We all do it – we all make quick decisions without hearing the whole story.  It’s our human nature; we had to make these rapid pivots to stay alive as cave dwellers.  Imagine yourself as a Neanderthal – there’s a giant snake in front of you, blocking the entrance to your home.  Unfortunately for the snake, you don’t have time to research if it is poisonous or not, you just have to smash it with a rock so you can protect yourself and your family back in your cave.

We still do this, but instead of a giant snake in front of the entrance to our home, it’s the garbage over-spilling in the kitchen, the same garbage your partner promised to pitch out last night.  She knew you asked her to do it, since you did it the last two times.  She must have decided it wasn’t a priority to take out last night.  This thought is appalling, what did she do all last night?  Watch documentaries about people with weird addictions?  That’s more important than committing to your partnership? Read More

Mold Your Melancholy Mondays

Have you ever woken up one morning, nothing is actually wrong, but you feel like you’ve got a huge weight on your shoulders?  Or that your body aches, even though you darn well know you didn’t exercise the night before?  Or that it seems to take much more concentration to smile than usual?  We all have self-pity days – days where nothing is actually wrong but we can’t shake this overwhelming feeling of melancholy.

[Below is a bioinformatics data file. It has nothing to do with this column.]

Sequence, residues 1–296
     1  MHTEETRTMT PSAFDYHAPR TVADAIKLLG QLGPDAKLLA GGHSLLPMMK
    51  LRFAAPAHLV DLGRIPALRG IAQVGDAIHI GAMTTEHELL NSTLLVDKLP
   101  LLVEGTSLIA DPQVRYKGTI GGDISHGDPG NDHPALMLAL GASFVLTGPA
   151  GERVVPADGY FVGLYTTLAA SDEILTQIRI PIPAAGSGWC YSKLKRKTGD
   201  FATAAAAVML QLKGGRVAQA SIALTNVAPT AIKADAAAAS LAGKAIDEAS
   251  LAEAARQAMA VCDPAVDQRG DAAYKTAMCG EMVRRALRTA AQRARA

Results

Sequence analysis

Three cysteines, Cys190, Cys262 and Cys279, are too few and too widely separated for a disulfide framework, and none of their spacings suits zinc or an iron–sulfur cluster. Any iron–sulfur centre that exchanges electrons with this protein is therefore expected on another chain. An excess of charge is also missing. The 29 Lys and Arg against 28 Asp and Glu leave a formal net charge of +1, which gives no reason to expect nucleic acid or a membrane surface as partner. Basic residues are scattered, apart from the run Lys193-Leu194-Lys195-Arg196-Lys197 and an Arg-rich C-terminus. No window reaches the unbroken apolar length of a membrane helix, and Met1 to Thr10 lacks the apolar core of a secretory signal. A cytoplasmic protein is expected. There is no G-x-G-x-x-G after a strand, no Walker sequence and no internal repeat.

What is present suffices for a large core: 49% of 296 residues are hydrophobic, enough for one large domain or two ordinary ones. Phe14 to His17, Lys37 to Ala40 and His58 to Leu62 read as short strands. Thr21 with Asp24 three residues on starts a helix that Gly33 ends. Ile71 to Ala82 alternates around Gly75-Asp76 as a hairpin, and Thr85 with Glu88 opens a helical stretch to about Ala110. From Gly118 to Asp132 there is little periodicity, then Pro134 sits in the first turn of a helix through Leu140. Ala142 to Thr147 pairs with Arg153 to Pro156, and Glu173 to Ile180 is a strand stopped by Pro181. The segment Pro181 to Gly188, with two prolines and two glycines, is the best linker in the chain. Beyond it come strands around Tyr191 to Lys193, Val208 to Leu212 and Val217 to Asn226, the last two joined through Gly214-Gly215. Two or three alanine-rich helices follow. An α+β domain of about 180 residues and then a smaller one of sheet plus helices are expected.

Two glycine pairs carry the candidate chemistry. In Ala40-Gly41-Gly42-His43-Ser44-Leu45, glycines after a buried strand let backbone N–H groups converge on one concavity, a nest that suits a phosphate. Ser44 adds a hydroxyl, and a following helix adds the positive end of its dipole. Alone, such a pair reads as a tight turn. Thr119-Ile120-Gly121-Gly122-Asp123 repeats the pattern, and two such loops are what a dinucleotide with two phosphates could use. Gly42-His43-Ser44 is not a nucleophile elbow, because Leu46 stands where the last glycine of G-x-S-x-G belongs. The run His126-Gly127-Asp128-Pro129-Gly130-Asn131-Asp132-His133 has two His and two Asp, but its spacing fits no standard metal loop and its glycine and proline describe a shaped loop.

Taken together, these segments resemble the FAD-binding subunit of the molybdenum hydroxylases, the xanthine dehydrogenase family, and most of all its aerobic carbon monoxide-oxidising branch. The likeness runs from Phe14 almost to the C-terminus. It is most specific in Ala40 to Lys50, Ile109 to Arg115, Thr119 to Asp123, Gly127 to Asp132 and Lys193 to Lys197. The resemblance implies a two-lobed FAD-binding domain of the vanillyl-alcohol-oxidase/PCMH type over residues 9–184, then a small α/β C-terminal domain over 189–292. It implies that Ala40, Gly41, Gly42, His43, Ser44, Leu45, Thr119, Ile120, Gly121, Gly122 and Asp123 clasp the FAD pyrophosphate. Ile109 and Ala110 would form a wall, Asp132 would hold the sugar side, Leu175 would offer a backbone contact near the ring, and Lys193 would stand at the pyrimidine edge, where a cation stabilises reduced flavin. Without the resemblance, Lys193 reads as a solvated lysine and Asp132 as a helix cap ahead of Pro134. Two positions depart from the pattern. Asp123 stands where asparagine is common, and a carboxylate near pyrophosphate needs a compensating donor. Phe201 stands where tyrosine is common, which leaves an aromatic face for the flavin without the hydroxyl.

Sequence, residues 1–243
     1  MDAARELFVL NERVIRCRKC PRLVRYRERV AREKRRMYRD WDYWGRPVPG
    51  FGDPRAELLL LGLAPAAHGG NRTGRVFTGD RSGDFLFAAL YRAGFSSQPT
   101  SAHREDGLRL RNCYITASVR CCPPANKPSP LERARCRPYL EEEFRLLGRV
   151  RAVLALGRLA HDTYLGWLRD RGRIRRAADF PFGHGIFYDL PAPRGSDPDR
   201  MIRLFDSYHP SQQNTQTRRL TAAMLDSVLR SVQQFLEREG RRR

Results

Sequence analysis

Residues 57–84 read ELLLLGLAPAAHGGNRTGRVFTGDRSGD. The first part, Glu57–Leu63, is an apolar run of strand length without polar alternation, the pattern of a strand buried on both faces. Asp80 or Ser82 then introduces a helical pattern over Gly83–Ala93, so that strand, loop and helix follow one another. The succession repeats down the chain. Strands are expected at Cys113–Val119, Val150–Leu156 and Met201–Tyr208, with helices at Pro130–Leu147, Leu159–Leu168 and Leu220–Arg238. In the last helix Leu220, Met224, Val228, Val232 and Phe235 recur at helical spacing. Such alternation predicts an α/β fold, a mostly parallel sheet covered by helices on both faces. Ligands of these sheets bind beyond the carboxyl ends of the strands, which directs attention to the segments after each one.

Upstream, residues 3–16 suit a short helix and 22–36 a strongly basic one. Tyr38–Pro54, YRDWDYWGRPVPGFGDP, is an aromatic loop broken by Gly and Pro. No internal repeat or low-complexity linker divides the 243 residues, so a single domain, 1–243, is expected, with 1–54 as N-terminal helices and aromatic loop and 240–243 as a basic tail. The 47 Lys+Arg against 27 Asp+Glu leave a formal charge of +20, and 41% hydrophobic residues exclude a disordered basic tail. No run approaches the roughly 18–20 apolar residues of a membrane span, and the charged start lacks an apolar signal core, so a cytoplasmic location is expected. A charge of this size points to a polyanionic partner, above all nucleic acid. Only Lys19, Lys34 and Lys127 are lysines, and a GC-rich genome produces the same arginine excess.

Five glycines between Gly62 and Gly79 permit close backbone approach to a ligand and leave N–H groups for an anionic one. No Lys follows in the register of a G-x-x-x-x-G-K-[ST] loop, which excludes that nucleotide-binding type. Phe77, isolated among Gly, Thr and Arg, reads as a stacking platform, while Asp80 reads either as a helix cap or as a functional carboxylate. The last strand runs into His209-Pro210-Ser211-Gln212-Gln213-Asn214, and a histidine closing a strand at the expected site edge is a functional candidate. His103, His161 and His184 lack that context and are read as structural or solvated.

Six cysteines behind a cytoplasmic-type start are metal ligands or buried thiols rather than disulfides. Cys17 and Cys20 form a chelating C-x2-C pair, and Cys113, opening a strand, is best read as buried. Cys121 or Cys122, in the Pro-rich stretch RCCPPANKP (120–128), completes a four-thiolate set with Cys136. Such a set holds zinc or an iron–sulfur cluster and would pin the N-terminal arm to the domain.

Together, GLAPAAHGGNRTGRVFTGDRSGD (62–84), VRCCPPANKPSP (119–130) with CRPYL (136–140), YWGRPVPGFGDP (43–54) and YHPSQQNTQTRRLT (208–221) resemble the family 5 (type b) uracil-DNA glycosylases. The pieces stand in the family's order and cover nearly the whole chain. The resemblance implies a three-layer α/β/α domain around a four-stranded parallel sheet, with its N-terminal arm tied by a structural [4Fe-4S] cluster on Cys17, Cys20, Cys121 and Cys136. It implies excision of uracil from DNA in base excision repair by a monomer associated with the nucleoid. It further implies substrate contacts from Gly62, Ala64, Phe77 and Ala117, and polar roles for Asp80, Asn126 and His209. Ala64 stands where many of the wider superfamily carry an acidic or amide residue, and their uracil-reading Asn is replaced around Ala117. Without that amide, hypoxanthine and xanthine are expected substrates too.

Discomfort is a natural part of life, not usually one we like to shine a light on.  A part we tend to shove in a dark corner and pretend like it doesn’t exist.  However, we should bring those feelings to light and talk about them so we can normalize a completely natural part of life. Read More

To Do or Not to Do

clothespins

Time and time again, couples are faced with the struggle of defining their roles in their relationships.  Who will clean the bathroom this weekend?  Who is going to make dinner tomorrow? Who will wash the dishes tonight?  What may start out as a simple chore can catapult into a battle for acknowledgement, assurance, or even power.

How often are you faced with the struggle of doing the laundry for the third time this month because your partner doesn’t seem to be bothered when the laundry basket begins to topple over with dirty clothes?  You know it is their turn to do it, but you wish they would do it without you having to ask them. Read More

Be Accountabilibuddies

couple-168191_19201

One of the first things we learn about having a successful relationship is that there needs to be healthy, proactive communication.  Though, because we are all human, sometimes there is a lapse in this proactivity.  You can’t turn back time to fix a mistake, but what you can do is aid in the healing of the situation at hand.  One way to do this is to be accountable for your part of the relationship.

There are many things to be accountable for in a relationship, such as:

  • Your actions: Acknowledge what you did so that you can move forward with your partner.
  • Your words: The things you said can hurt just as much as your actions.  Remain accountable for even the small things that may have distressed your partner.
  • Your feelings: Take responsibility of yourself, own your feelings.  Express to your partner how you are feeling in regards to a certain situation.

Read More